|Li Shengjiao, former Deputy Consul General of China in Toronto, believes there will be more business opportunities for both Chinese and Canadian enterprises. (File Photo)|
The Canada China Chamber of Commerce (CCCC) was inaugurated in Toronto on Tuesday.
Based in Toronto, CCCC is a non-profit organization with more than 100 members, most of which are Chinese companies established in Canada.
"Chinese companies doing business in Canada, to some degree, has long been scattered, and their communication with the federal government and governments of provincial and municipal levels is lacking," Li Shengjiao, former Deputy Consul General of the People's Republic of China in Toronto, told People's Daily Online.
"A platform of this kind would definitely help Chinese companies band together and grow in Canada, and the flourish of Chinese businesses would, in turn, create more job opportunities to the local people and bring more tax revenue to the local governments."
According to Chinese official statistics, in 2011 only, overseas Chinese enterprises hired a total of 888,000 foreign workers and paid more than 22 billion U.S. dollars taxes to their investment destinations.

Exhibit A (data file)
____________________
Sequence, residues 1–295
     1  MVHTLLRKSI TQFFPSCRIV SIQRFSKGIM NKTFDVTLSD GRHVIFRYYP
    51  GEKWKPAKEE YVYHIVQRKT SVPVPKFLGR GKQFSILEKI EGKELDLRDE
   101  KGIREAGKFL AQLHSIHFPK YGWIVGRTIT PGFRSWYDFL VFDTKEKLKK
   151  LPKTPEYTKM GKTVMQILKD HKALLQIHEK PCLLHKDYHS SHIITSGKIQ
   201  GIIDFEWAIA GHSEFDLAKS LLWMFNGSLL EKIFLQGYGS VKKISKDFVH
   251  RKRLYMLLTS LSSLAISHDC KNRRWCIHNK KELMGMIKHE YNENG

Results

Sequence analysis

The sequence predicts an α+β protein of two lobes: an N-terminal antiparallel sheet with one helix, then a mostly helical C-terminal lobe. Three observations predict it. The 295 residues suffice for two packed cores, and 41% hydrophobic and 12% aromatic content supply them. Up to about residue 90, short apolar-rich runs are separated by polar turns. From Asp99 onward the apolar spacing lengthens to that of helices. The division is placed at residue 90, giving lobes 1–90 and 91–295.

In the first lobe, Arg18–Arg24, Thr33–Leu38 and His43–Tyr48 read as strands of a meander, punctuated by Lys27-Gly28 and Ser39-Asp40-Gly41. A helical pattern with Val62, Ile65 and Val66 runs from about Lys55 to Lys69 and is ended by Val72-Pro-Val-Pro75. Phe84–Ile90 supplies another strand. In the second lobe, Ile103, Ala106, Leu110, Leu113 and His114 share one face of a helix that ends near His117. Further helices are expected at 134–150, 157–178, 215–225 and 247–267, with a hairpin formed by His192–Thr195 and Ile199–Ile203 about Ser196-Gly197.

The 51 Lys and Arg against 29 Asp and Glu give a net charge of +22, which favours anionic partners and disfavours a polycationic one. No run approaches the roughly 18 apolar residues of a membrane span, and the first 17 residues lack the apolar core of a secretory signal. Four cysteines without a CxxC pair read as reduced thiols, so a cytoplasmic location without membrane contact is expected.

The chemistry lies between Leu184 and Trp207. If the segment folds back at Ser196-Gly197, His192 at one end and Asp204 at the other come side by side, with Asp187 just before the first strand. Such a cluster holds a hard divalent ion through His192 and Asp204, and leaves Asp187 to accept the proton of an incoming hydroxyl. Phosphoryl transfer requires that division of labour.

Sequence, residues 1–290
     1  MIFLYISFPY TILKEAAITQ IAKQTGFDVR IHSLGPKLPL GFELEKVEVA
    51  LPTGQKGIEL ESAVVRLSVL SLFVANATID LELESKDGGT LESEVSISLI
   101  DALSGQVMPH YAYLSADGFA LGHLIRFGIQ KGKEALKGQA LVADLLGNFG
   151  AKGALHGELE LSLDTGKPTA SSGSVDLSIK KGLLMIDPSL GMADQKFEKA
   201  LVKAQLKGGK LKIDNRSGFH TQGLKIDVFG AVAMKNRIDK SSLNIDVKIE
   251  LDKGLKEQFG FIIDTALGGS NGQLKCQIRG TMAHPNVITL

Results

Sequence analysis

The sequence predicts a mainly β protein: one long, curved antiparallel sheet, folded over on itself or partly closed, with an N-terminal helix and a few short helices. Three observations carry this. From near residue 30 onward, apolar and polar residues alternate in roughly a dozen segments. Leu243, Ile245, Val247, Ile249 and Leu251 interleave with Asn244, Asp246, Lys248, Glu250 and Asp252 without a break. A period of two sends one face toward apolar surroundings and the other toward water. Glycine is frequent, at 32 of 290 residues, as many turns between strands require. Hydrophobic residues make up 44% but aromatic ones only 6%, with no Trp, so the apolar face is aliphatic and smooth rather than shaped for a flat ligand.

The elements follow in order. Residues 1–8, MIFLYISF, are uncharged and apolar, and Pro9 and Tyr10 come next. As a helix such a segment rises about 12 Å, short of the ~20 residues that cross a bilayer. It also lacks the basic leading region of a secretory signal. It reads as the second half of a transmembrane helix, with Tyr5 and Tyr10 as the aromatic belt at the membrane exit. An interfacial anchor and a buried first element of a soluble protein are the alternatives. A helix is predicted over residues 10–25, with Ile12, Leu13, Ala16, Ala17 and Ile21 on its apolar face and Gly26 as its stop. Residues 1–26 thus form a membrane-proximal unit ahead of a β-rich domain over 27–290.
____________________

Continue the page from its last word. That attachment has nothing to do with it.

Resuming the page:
"Because of the sound bilateral relationship between China and Canada and Canada's mature regulations and rules, most Chinese investors see Canada as an ideal place to do business," said Mr. Li.
"Some Canadian companies also have huge demand to tap into the vast Chinese market, despite China's economic slowdown and rising labor costs."
"The CCCC may also build a bridge between the Canadian companies and their potential Chinese partners and businesses," Mr. Li said.
So far, neatly 12,000 Canadian businesses have long been present in various sectors of the Chinese economy, according to Chinese Ambassador to Canada Zhang Junsai.
"Some of the financial institutions have their branches in 50 cities in China, and they are doing very well," Mr. Zhang said in an interview with the Canadian television network CTV recently.
The last couple of years have seen the trade volume between China and Canada growing by 30 percent each year against the backdrop of a gloomy global economy.
Statistics show that China is the only country among Canada's top 10 export markets that has seen continuous growth over the past three years.
Most importantly, there is still much room for growth, as data shows that the bilateral trade accounts for only 1.3 percent of China's foreign trade volume and 5.2 percent of that of Canada.
"The inauguration of the CCCC came at a right time," noted Mr. Li. "It will help facilitate more trade and create more business opportunities for both Chinese and Canadian enterprises."